Posted by Kristin Mccarthy on July 28, 2016 in Blog
Jim Zogby started the conversation with two sober realities: On the one hand, the highly politicized conversation about Palestinian statehood and rights that first started in 1988 has in someways lost ground within the Party. But on the other hand, a new poll from Zogby Research Services shows that 49% of Democrats and Republicans increasingly support equal rights for both Israelis and Palestinians. And, he noted, that an increasingly large number of Americans polled answer questions on Israel as "not sure," which suggests that there is an opportunity to impact the policy conversation from the ground up by reaching out to these people.
There was a strong consensus that President Obama needs to move forward with a deliberate change in his policy before leaving office, and Debra DeLee suggested the window for him to do so is between the November 8th election and inauguration day in January 2017. However, panelists differed on what that action can be, and should be. Sam Bahour expressed concern and apathy towards the suggestion that President Obama and Secretary of State John Kerry should issue "U.S. parameters" for ending the conflict. Bahour says that the parameters exist, what needs to happen in order to implement the parameters and create the impetus for Israeli disengagement from the West Bank and Gaza is for President Obama to officially recognize the state of Palestine.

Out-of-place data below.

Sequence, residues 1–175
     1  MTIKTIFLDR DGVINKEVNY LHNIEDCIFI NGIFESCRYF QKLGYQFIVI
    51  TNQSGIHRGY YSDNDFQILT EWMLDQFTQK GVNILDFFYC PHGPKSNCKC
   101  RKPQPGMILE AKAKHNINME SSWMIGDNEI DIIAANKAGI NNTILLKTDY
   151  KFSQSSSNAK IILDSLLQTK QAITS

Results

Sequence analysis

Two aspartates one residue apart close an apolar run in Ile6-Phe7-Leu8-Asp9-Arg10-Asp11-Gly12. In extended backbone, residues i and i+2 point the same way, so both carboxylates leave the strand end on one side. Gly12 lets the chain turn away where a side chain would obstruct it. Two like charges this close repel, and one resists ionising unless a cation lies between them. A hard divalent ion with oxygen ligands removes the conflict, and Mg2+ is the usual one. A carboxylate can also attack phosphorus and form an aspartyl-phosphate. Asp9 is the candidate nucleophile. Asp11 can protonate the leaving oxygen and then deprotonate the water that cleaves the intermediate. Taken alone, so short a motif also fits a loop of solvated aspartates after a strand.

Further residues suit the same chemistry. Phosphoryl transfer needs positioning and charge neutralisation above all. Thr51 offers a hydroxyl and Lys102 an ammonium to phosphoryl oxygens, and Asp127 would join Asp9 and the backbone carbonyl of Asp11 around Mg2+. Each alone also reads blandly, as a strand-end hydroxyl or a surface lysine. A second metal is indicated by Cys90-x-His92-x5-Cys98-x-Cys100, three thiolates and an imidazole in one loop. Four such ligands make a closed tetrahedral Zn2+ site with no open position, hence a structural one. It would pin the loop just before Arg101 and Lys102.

Peter Beinart reminded us of the important fact that there needs not only to be political action, but also societal action in order to create the space for political action to be successful. Beinart argued for a "societal pact" that can help move policy forward. The pact would hold: Advocates who work on this issue must call out real anti-Semitism anytime they hear it - in public and in private. And American Jews must be willing to always protect these same advocates from unfounded accusations of anti-Semitism that are used to intimidate and silence advocates who criticize Israel.
The panelists seemed to agree on their answer to the two state solution versus one state solution question. While the one state all of the panelists related serious concerns with how a one state solution could be anything other than an apartheid state, and how the one state model can create a unifying national identity that can bind Israeli and Palestinians together to run the necessary mechanism of governance, including a multi-ethnic military.
This conversation is far from over in the American political life, but AAIF hosted the discussion in the hopes of educating Democratic delegates who are actively involved in American political life about the realities on the ground and the political realities that inform US policies on the Israeli-Palestinian conflict.
AAIF thanks our partners who supported this panel, the Foundation for Middle East Peace, Jewish Voice for Peace, NIAC, and the George R. Salem Foundation.
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